Both landowners and tenant farmers experienced setbacks as the agricultural sector of the economy languished in the 1890s. In 1893 (2 November) Richard Manning discussed sickness among the families at Pineland and his intention to provide medicines. The cotton crop was an additional concern: “Crops very short & I am doing worse in a business way than I have ever done.” His outlook had not brightened when he wrote on 19 February 1894, “planting is at a low ebb & profits (as in other pursuits) small & uncertain & with expenses certain I w’d like to get into something that gives a salary.” The tenants at Pineland, Richard observed in 1898, were “low-spirited & discouraged - such low prices makes it very slow in paying rents & it looks as if many will not get far on paying their debts” (14 October 1898). The downturn of cotton prices in the 1890s must have factored in Richard Manning’s decision to move his family from the plantation to the town of Sumter, S.C. The brothers remained actively involved in plantation affairs, but they turned day-to-day operations over to a manager. The death of Mrs. Elizabeth Allen Sinkler Manning in 1908 concluded a chapter but did not bring to a close the family’s association with their ancestral lands.
By 1900 the children of William and Richard were preparing for college. William’s son Andrew Adger entered the University of Virginia in 1901. Daughter Margaret attended Converse College, and son Charles enrolled at Sewanee, the University of the South. In 1902 William Sinkler married Nina Horner. Letters from the sons report on their activities and include frequent requests for funds. Correspondence between William and Richard and other family members concerns daily life, careers, financial matters and investments in textiles and banks, and the crops and labor at Pineland.
Cotton remained the major crop, but cutting timber became another important source of income. William kept detailed records of both activities as well as accounts with laborers, many of whom corresponded with him. A letter from A.J. Geddings of Remini, 13 February 1914, relates to a conversation with Manning “in regards to Gus Johnson... since studying over the matter I must say that somebody is very effichers to allways be taking news to you on me which is absolutely untrue. I try to live straight and up right and honest to my Fellow man and if I had advised this nigro I would certainly say so and am sorry to think it was impressed upon you that I was dirty enough to be guilty of such an act.” E.S. Jenkinson of Remini informed Manning, 20 February 1915, that “the negrows that is living off the place is hauling wood and straw off the place” so that “the tenants on the place can hardly get wood and straw for themselves.” William Manning sent letters in March 1915 to several merchants in which he listed persons renting from him and inquired if the merchants would “make advances to the party this year for fertilizers etc., and if not, if you will carry over the balance due you."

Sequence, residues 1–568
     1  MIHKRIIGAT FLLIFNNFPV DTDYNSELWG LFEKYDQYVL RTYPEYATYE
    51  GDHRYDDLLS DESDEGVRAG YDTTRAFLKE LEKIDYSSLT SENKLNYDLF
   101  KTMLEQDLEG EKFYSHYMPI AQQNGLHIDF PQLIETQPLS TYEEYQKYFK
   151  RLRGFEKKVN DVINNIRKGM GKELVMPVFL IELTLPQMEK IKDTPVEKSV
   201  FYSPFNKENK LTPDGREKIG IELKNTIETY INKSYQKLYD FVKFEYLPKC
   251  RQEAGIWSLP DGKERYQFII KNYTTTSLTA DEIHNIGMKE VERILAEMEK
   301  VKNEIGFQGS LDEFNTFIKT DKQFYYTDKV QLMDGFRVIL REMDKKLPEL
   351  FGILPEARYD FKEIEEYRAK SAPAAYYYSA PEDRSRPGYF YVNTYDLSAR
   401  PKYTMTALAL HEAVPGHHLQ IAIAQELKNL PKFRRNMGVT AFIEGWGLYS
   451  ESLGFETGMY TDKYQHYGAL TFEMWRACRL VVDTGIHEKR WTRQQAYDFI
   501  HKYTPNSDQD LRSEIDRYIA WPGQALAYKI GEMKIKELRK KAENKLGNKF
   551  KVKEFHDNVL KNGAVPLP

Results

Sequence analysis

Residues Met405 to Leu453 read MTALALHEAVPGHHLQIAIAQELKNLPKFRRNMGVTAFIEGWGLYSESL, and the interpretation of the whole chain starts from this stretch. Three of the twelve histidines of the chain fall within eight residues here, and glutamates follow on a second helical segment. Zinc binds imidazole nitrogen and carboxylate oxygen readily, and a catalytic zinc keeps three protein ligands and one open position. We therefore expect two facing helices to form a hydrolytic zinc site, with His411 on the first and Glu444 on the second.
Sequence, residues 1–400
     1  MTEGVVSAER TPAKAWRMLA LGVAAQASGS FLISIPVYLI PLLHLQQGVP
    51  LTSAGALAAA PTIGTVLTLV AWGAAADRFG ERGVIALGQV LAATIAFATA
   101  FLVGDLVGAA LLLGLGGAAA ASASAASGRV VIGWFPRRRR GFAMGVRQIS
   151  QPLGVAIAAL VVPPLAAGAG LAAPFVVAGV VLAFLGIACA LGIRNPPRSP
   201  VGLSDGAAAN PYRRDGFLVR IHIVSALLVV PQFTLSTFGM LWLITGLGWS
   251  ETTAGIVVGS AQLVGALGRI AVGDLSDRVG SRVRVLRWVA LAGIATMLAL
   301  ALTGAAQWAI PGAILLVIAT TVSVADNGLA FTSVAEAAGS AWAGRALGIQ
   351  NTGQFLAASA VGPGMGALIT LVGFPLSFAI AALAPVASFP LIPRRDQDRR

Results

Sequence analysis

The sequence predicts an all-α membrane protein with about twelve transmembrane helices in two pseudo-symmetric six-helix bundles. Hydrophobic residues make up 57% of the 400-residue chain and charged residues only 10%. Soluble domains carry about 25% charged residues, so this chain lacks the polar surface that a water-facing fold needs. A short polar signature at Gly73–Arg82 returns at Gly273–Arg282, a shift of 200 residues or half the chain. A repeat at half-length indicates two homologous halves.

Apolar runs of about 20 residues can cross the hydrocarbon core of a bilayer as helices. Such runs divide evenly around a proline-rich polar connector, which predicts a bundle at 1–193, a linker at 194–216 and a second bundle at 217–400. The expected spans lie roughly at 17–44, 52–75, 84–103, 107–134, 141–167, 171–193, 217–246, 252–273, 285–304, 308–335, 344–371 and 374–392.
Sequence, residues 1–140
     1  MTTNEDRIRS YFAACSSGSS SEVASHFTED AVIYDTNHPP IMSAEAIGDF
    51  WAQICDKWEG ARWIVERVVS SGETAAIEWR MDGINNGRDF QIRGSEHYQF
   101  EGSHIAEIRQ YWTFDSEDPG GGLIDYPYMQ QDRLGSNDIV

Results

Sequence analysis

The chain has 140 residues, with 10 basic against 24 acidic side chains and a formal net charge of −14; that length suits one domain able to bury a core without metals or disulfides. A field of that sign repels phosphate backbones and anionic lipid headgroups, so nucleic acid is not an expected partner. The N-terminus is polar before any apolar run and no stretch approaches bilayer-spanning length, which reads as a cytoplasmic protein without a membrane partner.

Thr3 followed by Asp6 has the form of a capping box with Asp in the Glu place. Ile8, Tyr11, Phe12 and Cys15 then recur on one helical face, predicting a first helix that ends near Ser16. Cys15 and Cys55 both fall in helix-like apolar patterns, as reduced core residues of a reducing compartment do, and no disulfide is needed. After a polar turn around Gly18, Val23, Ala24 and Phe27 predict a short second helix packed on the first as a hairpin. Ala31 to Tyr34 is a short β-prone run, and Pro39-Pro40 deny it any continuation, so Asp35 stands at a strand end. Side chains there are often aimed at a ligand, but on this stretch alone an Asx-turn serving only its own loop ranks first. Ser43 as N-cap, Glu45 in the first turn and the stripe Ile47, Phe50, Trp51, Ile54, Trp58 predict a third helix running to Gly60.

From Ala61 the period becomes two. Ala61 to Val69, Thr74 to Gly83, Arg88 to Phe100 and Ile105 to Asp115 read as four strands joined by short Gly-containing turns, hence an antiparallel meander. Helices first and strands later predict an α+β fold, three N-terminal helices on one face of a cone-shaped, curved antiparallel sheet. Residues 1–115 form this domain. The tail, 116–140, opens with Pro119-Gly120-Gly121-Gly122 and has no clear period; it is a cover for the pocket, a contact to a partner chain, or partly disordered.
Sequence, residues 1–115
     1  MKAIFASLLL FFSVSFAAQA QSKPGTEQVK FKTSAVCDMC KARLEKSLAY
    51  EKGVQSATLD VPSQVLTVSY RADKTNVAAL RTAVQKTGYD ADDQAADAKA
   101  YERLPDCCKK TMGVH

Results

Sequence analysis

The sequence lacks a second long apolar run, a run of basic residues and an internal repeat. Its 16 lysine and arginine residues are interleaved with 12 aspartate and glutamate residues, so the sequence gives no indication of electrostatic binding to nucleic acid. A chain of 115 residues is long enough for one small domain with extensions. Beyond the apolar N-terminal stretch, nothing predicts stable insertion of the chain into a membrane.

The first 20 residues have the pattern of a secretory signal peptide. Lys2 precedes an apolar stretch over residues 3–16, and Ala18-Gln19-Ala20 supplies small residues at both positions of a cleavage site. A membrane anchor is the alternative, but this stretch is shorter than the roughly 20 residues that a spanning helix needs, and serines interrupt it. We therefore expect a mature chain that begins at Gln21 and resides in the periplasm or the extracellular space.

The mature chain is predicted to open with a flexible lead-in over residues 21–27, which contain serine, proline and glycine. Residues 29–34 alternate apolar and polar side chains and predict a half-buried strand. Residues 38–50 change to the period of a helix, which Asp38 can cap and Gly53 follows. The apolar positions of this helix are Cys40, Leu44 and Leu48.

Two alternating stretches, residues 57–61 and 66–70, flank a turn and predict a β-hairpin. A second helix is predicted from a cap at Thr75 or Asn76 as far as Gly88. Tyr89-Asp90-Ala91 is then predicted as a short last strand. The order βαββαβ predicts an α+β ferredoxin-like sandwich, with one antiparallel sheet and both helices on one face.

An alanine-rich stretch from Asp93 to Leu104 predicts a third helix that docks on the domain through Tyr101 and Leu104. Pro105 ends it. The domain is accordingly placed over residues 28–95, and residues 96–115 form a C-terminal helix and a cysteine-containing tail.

The most immediate threat to landowners and farm laborers during World War I was the boll weevil. Anticipation of the boll weevil’s arrival was a concern of Richard I. Manning who advised his brother in November 1916 that given the prospects “the policy we should adopt is to urge our tenants to make their provisions, and then put in all the cotton possible, and fertilize heavy for the coming year,” for although he did not expect the crop to suffer in 1917, they must be prepared for “the coming of the boll weevil by getting a full crop as well as debts paid.” In February 1919, William Manning’s son-in-law, Edwin Malloy, predicted that unless farmers reduced cotton acreage by twenty-five percent, “I do not see how we can expect anything but prices below the cost of production, unless there is a crop disaster" (13 February 1919). Richard Manning lamented to his brother, 22 August 1922, the devastating impact of the boll weevil on the cotton crop as well as “lack of demand; railroad strike; bad foreign conditions, etc.”